Texas Mom Who Killed Her Two Daughters Was 'Erratic,' Former Employer Says
Christy Sheats worked for five months for John Hollis, who now feels 'lucky' she didn't turn on him
The employer who for five months last year shared a small office with Christy Sheats, the Texas mom who fatally shot her two daughters before being shot and killed by police, says she was an erratic employee who frequently missed work and wasn’t always truthful with him.
Still, he says, he never would have expected the horrific final actions she took.
“Whether it was her or anybody else, it wouldn’t be much more of a shock that a mother would murder her children,” John Hollis, who hired Sheats as a part-time receptionist for his business, tells PEOPLE. “But the fact that I was connected to her in a sense professionally, looking back on it, I’m more disturbed today than the day I found out.”
“Everybody is making an assumption that I ‘knew’ her,” he says. “And in reality nobody ‘knew’ her, her family didn’t know her, nobody knew her, because what she was and the reality of what she presented herself to be were two different things.”
Sheats, 42, was shot by police June 24 when she refused to drop her gun after firing and killing her daughters Taylor, 22, and Madison, 17, after convening a family meeting in the midst of tension in their Katy, Texas, home on her husband Jason’s 45th birthday.
Hollis owns Clean Canvas Laser Tattoo Removal in Houston, where Sheats was hired for a receptionist position in January 2015. Hollis is the sole other employee of the appointment-only business, where he says Sheats worked no more than 25 hours per week.
He trusted her resume because she claimed “prior salon experience” working in her home state of Alabama. He did not verify that earlier employment before hiring her. “I was going based on her appearance and presentation,” he says. “She had that sweet, Southern Alabama look and sound about her.”
He says Sheats initially appeared to be a good fit. “She was very pleasant when she wanted to be. That was in front of customers,” Hollis says. “The times when she wasn’t pleasant were times when I assume that whatever was going on at home was getting to her.”
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“I know that when she first came to work here, she said she was going through a divorce,” he says. “At some point between January and May, I asked her, ‘How’s your divorce going?'”
Sheats replied that she and her husband weren’t divorcing, but that she was living alone in an apartment a few blocks from the family home, he says.
“She told me one thing when she started employment, and then later the story changed. As a business owner, when stories change and things don’t add up, that s a problem,” Hollis says. “If you’re not truthful with your employer, that’s a red flag.”
“That was when I started laying the groundwork for her termination,” he says. “It wasn’t because she lied about divorce versus separation. That’s just the way the series of events took place.”
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He says Sheats had begun to show workplace “inconsistency,” which he further described as “attendance and factual things.” He says, “She answered the phone and she booked appointments, and that was the extent of her responsibility.” But there were days she “just wouldn’t show up at all,” he says.
He also learned that on her personal LinkedIn business profile, Sheats described herself as his company’s “business manager” with multiple responsibilities – and that she’d listed her start date as January 2014, a full year before she began working for Hollis.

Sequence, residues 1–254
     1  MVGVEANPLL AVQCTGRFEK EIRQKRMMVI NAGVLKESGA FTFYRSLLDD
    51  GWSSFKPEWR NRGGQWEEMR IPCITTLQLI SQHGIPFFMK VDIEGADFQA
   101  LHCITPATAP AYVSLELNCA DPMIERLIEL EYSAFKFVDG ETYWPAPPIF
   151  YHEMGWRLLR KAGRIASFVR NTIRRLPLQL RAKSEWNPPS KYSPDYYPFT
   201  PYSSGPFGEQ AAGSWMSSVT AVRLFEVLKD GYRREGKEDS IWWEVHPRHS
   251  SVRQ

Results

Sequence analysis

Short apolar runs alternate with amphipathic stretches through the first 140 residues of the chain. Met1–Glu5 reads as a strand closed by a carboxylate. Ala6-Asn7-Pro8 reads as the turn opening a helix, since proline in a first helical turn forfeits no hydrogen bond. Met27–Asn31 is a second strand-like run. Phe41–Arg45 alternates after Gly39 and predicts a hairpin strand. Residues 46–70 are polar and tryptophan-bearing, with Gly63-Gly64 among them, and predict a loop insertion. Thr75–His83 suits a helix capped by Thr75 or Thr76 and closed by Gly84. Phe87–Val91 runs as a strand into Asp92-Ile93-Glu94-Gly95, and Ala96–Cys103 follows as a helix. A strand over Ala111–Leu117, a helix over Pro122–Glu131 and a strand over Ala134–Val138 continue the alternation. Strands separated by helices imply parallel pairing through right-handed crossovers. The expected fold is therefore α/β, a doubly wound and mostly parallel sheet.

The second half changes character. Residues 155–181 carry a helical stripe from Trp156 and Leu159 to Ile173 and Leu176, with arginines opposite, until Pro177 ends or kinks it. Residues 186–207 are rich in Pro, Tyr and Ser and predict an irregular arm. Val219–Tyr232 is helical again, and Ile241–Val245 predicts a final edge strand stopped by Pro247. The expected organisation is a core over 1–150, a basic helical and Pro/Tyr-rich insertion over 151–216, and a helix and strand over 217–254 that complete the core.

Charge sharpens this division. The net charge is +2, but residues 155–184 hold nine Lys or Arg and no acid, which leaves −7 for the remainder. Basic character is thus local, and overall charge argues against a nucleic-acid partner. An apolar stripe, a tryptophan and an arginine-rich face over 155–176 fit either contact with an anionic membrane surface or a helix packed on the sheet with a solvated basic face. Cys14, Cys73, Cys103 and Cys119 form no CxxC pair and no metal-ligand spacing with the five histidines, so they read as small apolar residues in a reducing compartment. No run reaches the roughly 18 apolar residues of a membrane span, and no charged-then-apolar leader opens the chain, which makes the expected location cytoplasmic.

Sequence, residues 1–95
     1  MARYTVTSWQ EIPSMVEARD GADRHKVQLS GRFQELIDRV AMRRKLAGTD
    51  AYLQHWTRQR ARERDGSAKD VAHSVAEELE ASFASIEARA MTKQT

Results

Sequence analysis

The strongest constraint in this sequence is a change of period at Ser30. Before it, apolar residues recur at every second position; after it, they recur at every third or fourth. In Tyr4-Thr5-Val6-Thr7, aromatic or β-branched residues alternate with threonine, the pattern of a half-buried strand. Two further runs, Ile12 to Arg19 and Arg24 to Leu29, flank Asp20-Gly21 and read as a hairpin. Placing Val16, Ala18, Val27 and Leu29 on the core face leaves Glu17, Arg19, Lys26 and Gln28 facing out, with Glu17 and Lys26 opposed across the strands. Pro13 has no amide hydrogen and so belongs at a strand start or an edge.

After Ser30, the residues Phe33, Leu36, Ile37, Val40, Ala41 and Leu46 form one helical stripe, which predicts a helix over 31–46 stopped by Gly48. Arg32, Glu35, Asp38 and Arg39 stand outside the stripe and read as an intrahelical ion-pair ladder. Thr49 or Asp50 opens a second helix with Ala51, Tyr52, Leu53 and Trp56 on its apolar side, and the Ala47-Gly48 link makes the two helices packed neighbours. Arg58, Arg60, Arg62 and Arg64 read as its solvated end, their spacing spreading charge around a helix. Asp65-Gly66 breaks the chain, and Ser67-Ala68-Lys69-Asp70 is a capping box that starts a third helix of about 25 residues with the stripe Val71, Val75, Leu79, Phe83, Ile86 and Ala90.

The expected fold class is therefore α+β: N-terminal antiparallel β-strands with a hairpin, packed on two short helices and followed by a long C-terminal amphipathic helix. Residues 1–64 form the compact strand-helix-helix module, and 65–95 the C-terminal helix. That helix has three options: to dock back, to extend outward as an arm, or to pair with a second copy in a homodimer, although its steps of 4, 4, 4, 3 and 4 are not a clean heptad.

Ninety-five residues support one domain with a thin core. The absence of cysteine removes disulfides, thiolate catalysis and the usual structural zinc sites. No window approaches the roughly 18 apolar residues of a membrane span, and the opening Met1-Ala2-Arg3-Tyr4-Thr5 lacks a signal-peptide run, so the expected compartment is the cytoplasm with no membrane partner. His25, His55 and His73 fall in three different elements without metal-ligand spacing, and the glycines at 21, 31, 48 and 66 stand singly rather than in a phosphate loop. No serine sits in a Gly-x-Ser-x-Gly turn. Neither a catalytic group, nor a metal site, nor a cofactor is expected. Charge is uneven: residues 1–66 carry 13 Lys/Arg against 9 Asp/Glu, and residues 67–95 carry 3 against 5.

He “repeatedly” asked her to correct it. “Those requests went ignored,” he says. At the time she died, Sheats still listed herself as working for Hollis, more than a year after he’d fired her.
“She presents things the way she wants to be presented, whether it’s truth or not,” he adds.
He says he did not notice any particular deterioration in Sheats’s demeanor during the five months they worked together. “It was erratic; it was highs-and-lows.” he says. “I wouldn’t say it was deterioration, I would say it was peaks and valleys.”
Still, he didn’t doubt her pride in her daughters, “how much she loved them, and how they were the light of her life,” he says. “She would share with me accomplishments and accolades, things that were going on. But I never met her daughters; I never met Jason.”
Although Sheats didn’t share photos of her family with her employer, Hollis saw what she posted on Facebook, where the two were briefly connected as friends. What did those images lead him to believe? “On the surface, the same thing that everybody else sees,” he says. “That they were a happy family.”
“I believe she shared with me that her husband was paying her rent on her apartment,” he says. “I don’t know what’s true and what’s not. She certainly wasn’t making enough money here to afford an apartment, so she had to be subsidized by her husband.”
Fired in May 2015: ‘It Was Always Something’
And when Hollis finally let Sheats go in May 2015, “she was understanding,” he says. “There were a lot of things that couldn’t be argued, like ‘you missed work twice last week, you didn’t call, you didn’t show up,'” he says. “It was always something.”
“We parted on as amicable terms as you could part in a termination situation,” he says.
Now, after learning that Jason Sheats told a family friend after the murders that Christy Sheats had said before opening fire that she intended to punish him, Hollis feels fortunate that he himself wasn’t targeted.
“If somebody is that deranged that they would go to those lengths to hurt somebody” who they think has mistreated them, he says, “I’m shaken to the core by the act itself, but also looking back now, thinking, wow, how lucky I am.”
“I thought I knew her,” he says. “But I really didn’t.”